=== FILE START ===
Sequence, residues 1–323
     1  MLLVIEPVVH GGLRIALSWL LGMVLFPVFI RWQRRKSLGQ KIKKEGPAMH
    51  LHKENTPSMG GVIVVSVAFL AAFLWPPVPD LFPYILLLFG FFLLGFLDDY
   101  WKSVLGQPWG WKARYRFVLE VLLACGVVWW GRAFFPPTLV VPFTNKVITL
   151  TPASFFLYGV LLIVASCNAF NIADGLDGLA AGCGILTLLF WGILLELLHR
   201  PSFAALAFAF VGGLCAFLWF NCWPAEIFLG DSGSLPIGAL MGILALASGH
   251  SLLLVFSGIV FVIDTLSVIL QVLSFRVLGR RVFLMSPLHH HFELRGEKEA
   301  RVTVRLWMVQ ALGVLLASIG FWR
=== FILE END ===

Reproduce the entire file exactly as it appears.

Sequence, residues 1–323
     1  MLLVIEPVVH GGLRIALSWL LGMVLFPVFI RWQRRKSLGQ KIKKEGPAMH
    51  LHKENTPSMG GVIVVSVAFL AAFLWPPVPD LFPYILLLFG FFLLGFLDDY
   101  WKSVLGQPWG WKARYRFVLE VLLACGVVWW GRAFFPPTLV VPFTNKVITL
   151  TPASFFLYGV LLIVASCNAF NIADGLDGLA AGCGILTLLF WGILLELLHR
   201  PSFAALAFAF VGGLCAFLWF NCWPAEIFLG DSGSLPIGAL MGILALASGH
   251  SLLLVFSGIV FVIDTLSVIL QVLSFRVLGR RVFLMSPLHH HFELRGEKEA
   301  RVTVRLWMVQ ALGVLLASIG FWR